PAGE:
‘I’m called Vuldon, and we three represent a new entity. We’re called the Villjamur Knights. You might want to make it perfectly clear to your comrades, or whatever the fuck you call yourselves, that we are going to hunt you down one by one until the city up here is safer. You will comply with the Emperor’s laws.’

Brude squirmed a nod, desperately, and meekly pawed at Vuldon’s fist.

‘All right, that’s enough, Vuldon,’ the woman said.

He didn’t let go.

‘Vuldon,’ the woman urged, ‘don’t kill him. Come on, let’s go.’

Vuldon eventually released his grasp. Air rushed in. Brude spluttered and heaved, turning on his sides to grip at the wet cobbles.

A moment later, once he had composed himself, he realized that the so-called Villjamur Knights had gone, taking Liel with them.

Brude was left wounded, in the company of corpses.


Vuldon shoved the man into a cell, which was more like a cage, and the scrawny fellow curled himself up into a ball, hugging his knees, shivering. The room was constructed from a dreary red brick, the ceiling curved and dripping with moisture from somewhere. There was a bucket in the corner.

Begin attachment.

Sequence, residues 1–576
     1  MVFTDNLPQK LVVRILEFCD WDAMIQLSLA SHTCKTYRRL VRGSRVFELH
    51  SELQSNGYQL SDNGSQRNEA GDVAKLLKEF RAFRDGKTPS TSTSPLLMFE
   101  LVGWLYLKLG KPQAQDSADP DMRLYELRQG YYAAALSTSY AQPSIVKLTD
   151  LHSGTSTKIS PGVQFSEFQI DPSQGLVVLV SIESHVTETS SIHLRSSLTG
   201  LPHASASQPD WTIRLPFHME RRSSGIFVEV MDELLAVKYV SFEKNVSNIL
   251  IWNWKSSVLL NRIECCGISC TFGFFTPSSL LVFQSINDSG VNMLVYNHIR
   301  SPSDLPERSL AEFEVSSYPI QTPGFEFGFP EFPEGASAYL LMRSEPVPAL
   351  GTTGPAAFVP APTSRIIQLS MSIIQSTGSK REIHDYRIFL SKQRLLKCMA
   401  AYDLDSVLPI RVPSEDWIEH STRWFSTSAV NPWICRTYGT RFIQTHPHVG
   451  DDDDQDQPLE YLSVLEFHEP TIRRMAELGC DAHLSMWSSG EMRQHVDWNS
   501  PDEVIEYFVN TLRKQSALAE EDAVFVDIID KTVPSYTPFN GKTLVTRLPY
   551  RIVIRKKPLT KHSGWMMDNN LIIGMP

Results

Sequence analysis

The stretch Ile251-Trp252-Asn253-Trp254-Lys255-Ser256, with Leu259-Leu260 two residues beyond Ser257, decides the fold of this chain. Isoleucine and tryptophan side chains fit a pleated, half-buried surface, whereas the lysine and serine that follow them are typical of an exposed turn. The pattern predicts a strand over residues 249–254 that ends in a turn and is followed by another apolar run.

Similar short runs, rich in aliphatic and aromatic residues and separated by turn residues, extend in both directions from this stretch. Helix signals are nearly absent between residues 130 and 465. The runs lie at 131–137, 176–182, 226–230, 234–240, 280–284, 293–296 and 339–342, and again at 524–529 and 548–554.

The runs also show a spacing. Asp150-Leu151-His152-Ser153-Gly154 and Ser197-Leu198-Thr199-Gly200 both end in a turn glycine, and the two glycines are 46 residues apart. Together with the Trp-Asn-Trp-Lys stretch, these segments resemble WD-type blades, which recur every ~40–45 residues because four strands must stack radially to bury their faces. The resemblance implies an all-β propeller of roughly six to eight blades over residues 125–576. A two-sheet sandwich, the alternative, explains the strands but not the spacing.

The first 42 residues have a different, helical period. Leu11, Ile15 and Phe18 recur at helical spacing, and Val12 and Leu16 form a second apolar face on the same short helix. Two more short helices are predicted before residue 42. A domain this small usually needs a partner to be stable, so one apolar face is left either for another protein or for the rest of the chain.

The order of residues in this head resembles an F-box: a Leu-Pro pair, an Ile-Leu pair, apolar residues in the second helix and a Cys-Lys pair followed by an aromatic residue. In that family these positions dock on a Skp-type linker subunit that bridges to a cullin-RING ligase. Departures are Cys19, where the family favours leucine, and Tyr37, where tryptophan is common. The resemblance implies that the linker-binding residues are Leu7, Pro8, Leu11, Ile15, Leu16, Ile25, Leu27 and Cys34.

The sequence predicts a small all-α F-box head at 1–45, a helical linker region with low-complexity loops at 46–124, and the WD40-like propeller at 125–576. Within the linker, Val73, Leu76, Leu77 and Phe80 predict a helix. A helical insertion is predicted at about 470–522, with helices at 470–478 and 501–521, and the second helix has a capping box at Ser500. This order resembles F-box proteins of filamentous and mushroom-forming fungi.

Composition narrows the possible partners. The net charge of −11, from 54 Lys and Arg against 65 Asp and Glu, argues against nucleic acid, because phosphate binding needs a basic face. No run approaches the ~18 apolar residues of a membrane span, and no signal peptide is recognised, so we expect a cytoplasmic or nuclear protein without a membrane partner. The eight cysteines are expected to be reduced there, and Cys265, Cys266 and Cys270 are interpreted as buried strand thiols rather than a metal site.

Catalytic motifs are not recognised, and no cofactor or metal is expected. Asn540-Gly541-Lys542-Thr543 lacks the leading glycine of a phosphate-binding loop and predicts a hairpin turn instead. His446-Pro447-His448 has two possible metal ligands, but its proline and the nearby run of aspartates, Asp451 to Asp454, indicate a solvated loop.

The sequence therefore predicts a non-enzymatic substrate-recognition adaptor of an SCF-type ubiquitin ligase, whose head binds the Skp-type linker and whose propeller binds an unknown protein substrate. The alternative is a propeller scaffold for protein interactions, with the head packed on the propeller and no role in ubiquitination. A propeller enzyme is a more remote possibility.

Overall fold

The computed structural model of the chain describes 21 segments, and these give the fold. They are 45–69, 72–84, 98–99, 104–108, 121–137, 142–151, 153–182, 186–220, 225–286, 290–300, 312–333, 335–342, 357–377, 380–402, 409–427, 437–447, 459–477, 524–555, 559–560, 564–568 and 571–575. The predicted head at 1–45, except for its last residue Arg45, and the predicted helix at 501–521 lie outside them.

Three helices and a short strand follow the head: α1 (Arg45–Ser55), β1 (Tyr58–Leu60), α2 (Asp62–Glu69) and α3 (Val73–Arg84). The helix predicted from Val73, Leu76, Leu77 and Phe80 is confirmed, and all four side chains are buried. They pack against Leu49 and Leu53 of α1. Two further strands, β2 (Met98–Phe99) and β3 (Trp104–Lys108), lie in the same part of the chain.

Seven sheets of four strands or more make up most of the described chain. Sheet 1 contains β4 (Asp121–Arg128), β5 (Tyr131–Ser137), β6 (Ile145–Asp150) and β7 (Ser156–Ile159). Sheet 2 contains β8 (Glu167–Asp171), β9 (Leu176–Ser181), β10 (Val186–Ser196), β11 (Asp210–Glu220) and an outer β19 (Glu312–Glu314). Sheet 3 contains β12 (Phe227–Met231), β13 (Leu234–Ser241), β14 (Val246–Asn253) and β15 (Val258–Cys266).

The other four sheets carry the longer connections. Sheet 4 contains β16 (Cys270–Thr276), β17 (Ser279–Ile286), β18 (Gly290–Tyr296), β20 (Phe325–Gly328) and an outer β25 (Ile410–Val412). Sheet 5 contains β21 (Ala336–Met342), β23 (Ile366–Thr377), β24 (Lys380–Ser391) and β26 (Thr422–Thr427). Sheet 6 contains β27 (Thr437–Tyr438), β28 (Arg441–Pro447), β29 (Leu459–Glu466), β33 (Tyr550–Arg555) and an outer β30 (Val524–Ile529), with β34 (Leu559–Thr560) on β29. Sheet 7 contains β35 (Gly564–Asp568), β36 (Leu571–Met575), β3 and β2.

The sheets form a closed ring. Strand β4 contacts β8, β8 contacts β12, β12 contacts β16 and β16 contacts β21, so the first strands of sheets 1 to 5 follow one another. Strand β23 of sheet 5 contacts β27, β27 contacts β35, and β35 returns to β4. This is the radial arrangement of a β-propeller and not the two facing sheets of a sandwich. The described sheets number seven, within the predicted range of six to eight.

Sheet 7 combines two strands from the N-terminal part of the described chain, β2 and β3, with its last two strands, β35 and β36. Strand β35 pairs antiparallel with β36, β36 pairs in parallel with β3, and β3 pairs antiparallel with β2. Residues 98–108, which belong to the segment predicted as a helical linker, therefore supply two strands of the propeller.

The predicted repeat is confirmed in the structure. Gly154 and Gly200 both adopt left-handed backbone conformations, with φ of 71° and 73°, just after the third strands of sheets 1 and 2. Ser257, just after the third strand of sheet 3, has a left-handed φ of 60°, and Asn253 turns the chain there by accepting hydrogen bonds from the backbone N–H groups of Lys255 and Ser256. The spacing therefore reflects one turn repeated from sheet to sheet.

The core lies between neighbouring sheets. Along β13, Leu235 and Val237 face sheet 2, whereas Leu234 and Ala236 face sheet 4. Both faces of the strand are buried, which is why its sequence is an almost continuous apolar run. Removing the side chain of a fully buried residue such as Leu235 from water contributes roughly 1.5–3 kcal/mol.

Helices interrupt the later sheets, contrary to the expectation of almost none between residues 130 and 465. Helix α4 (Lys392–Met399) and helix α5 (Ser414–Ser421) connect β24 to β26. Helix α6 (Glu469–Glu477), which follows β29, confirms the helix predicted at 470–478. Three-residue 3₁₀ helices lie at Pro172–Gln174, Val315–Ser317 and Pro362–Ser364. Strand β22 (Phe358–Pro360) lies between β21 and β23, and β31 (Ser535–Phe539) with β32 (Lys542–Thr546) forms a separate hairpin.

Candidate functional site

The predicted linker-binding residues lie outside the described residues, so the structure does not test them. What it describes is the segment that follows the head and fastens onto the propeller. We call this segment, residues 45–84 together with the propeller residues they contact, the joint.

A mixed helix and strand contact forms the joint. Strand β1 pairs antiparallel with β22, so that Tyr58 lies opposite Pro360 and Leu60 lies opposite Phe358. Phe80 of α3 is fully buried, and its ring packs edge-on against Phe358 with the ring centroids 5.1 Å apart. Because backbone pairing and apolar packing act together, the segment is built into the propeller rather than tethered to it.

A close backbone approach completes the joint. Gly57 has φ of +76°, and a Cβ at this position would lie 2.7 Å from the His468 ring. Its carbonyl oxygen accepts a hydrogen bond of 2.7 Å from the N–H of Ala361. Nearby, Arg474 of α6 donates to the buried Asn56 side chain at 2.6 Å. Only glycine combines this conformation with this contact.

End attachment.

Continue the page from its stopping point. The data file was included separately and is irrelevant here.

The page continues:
‘Go easy on him,’ Lan cautioned, but such requests seemed to be futile. As she lit a coloured lantern to one side, she met Tane’s gaze, but he was coy about confronting their concern over Vuldon’s potential. Vuldon seemed to have rediscovered old ways.

Vuldon stepped inside the cell and stood for a moment with his legs apart, his fists clenching and unclenching repeatedly. With the side of his boot, he gave a gentle kick to the skinny figure, who turned onto his back, groaning.

‘What’s your name?’ Vuldon demanded.

‘Liel . . .’ the thief spluttered. ‘Please don’t hurt me. I never wanted to be there.’

‘What was your purpose tonight – simple theft?’

‘We was just going to take a few jewels, yeah, nothin’ else, I swear.’

‘Who for?’